View Article: PubMed Central - PubMed

Affiliation: Department of Internal Medicine, College of Medicine, Chung-Ang University, Seoul, Korea.

ABSTRACT

Objectives: Helicobacter pylori infection induces selective reduction of the number of antral D-cells and results in abnormal regulation of serum gastrin secretion. The purpose of this study was to investigate the relationship between H. pylori infection and the numbers of G-cells and D-cells.

Methods: The numbers of antral G-cells and D-cells, the ratio of G-cells to D-cells and fasting serum gastrin concentrations were compared between 37 patients with (29 with duodenal ulcers and 8 with gastric ulcers) and 33 without H. pylori infection (22 with duodenal ulcers and 11 with gastric ulcers). Serum gastrin concentrations were measured using the radioimmunoassay technique. Antral mucosal biopsy specimens were examined using immunohistochemical staining with antibodies specific for gastrin and somatostatin and the numbers of G-cells and D-cells per gastric gland were counted.

Results: Fasting serum gastrin concentrations were significantly higher in patients with H. pylori infection compared to patients without infection (80.3 +/- 23.5 vs 47.6 +/- 14.1 pg/ml, p < 0.001). The number of G-cells per gastric gland was similar in infected and uninfected patients (7.1 +/- 3.1 vs 7.3 +/- 3.9, respectively, p > 0.5). The number of D-cells was significantly lower in patients with H. pylori infection than in uninfected patients in both duodenal and gastric ulcer patients (1.3 +/- 0.4 vs 2.5 +/- 1.6, respectively, p < 0.001). The ratio of G-cells to D-cells was also significantly higher in infected patients compared with uninfected patients for both gastric and duodenal ulcers (5.7 +/- 2.7 vs 3.5 +/- 1.9, respectively, p < 0.001).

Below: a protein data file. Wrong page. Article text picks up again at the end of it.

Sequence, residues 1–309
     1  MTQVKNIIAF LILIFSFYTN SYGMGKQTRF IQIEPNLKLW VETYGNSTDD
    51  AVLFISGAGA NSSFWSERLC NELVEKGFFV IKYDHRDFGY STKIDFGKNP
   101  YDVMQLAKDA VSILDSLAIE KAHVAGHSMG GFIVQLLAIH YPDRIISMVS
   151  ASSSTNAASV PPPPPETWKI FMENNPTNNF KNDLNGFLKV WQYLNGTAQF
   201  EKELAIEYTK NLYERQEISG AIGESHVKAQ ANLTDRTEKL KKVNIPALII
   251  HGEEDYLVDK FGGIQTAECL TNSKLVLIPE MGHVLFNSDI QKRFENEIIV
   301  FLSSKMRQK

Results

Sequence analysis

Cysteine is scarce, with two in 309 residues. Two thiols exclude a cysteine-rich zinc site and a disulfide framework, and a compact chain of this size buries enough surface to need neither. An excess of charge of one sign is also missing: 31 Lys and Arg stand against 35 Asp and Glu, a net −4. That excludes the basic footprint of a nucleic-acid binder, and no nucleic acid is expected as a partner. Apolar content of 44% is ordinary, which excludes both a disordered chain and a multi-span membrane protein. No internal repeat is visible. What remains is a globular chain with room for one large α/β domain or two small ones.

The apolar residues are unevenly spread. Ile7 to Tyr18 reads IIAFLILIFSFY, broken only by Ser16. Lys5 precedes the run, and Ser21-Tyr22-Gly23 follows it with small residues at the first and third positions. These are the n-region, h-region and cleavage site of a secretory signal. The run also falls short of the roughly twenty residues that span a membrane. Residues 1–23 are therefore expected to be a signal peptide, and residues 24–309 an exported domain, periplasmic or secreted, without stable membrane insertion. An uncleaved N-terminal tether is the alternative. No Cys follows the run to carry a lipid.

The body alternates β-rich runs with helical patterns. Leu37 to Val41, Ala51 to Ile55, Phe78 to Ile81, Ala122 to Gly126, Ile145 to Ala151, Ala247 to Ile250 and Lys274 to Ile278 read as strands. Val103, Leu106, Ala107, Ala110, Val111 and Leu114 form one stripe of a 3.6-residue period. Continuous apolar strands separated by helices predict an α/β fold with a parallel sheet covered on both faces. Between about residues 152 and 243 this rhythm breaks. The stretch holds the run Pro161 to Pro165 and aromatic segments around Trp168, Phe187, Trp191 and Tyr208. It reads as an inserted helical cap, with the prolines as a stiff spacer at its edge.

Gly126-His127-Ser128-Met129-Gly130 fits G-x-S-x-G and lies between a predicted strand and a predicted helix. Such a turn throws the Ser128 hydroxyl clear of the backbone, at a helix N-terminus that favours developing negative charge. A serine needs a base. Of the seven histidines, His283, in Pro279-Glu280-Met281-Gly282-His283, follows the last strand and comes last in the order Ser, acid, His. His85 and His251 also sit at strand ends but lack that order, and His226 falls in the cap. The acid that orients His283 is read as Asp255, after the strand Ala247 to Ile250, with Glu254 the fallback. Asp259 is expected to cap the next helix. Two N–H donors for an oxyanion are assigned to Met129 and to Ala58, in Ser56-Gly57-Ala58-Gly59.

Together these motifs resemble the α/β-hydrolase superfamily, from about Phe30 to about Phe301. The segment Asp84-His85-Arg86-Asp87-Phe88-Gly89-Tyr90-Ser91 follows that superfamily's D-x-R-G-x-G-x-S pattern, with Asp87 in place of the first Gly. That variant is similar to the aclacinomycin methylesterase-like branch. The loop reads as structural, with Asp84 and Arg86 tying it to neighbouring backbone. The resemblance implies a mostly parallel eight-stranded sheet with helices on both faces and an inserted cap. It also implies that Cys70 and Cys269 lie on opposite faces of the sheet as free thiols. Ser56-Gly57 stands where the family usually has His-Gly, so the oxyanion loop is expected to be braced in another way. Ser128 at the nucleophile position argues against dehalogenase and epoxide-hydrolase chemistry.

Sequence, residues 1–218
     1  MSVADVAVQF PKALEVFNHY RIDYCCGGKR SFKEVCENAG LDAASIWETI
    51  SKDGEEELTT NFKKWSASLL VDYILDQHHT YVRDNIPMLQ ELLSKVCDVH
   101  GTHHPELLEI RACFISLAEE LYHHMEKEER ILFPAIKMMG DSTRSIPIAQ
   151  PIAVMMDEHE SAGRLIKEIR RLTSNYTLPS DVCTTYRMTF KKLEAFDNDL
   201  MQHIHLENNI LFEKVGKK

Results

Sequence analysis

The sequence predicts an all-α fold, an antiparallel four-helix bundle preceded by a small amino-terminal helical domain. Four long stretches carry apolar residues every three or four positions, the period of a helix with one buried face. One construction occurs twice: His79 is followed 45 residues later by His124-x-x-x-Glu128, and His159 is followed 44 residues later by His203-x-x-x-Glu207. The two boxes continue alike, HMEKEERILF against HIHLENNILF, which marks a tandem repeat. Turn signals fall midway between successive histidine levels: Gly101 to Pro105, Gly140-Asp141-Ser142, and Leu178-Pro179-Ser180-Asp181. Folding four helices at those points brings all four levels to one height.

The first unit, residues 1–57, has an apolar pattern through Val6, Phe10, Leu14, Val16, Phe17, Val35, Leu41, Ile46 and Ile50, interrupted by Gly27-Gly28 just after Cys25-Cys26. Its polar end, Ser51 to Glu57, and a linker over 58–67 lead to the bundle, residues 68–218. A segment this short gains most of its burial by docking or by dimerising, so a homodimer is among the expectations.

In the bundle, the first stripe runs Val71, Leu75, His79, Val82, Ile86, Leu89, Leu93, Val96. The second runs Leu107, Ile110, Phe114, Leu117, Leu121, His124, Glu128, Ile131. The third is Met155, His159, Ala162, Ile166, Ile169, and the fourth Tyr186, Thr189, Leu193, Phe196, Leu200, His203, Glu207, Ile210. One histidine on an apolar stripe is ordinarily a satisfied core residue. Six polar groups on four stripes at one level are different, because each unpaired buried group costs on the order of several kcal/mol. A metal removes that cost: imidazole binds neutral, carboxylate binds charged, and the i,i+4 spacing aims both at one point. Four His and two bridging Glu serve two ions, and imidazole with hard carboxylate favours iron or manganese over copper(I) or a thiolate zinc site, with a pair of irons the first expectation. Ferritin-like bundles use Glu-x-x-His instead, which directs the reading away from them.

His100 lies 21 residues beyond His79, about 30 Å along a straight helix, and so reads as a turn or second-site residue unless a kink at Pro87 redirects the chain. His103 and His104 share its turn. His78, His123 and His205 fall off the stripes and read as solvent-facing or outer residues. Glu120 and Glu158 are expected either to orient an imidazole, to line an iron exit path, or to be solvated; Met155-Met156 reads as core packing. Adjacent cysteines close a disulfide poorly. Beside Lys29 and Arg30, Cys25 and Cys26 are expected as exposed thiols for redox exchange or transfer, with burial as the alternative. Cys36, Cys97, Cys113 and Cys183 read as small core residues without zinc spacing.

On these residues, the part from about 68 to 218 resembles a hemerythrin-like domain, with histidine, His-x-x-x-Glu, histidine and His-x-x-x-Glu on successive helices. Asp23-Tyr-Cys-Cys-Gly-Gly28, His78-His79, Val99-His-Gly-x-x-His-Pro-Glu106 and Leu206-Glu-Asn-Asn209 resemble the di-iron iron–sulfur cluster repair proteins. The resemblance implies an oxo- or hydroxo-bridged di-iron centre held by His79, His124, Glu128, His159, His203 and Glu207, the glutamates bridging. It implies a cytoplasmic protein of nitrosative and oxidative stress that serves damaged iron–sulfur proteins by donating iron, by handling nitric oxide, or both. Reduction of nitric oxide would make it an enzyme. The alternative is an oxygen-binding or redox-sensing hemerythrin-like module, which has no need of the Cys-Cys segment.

Conclusions: These results strongly suggest that Helicobacter pylori infection induces reduction of the number of antral D-cells. The resulting relative hypofunction of the inhibitory action of D-cells against G-cells may be responsible for increased serum gastrin secretion.

Show MeSH
Related in: MedlinePlus